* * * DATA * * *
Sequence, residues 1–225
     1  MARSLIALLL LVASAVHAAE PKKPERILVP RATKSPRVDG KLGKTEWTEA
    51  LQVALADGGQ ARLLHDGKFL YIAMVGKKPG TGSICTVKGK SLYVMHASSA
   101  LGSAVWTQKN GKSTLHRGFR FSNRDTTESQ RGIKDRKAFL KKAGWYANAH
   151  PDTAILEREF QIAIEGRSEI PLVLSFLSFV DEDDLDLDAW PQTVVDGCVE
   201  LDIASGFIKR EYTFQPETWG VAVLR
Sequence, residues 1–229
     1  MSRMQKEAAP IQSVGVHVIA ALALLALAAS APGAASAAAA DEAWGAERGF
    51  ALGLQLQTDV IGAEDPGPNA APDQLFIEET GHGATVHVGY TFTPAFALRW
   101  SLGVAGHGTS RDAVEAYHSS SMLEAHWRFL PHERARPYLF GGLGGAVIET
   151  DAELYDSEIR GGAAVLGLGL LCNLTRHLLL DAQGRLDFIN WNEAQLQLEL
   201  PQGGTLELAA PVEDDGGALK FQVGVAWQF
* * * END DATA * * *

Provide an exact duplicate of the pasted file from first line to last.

Sequence, residues 1–225
     1  MARSLIALLL LVASAVHAAE PKKPERILVP RATKSPRVDG KLGKTEWTEA
    51  LQVALADGGQ ARLLHDGKFL YIAMVGKKPG TGSICTVKGK SLYVMHASSA
   101  LGSAVWTQKN GKSTLHRGFR FSNRDTTESQ RGIKDRKAFL KKAGWYANAH
   151  PDTAILEREF QIAIEGRSEI PLVLSFLSFV DEDDLDLDAW PQTVVDGCVE
   201  LDIASGFIKR EYTFQPETWG VAVLR
Sequence, residues 1–229
     1  MSRMQKEAAP IQSVGVHVIA ALALLALAAS APGAASAAAA DEAWGAERGF
    51  ALGLQLQTDV IGAEDPGPNA APDQLFIEET GHGATVHVGY TFTPAFALRW
   101  SLGVAGHGTS RDAVEAYHSS SMLEAHWRFL PHERARPYLF GGLGGAVIET
   151  DAELYDSEIR GGAAVLGLGL LCNLTRHLLL DAQGRLDFIN WNEAQLQLEL
   201  PQGGTLELAA PVEDDGGALK FQVGVAWQF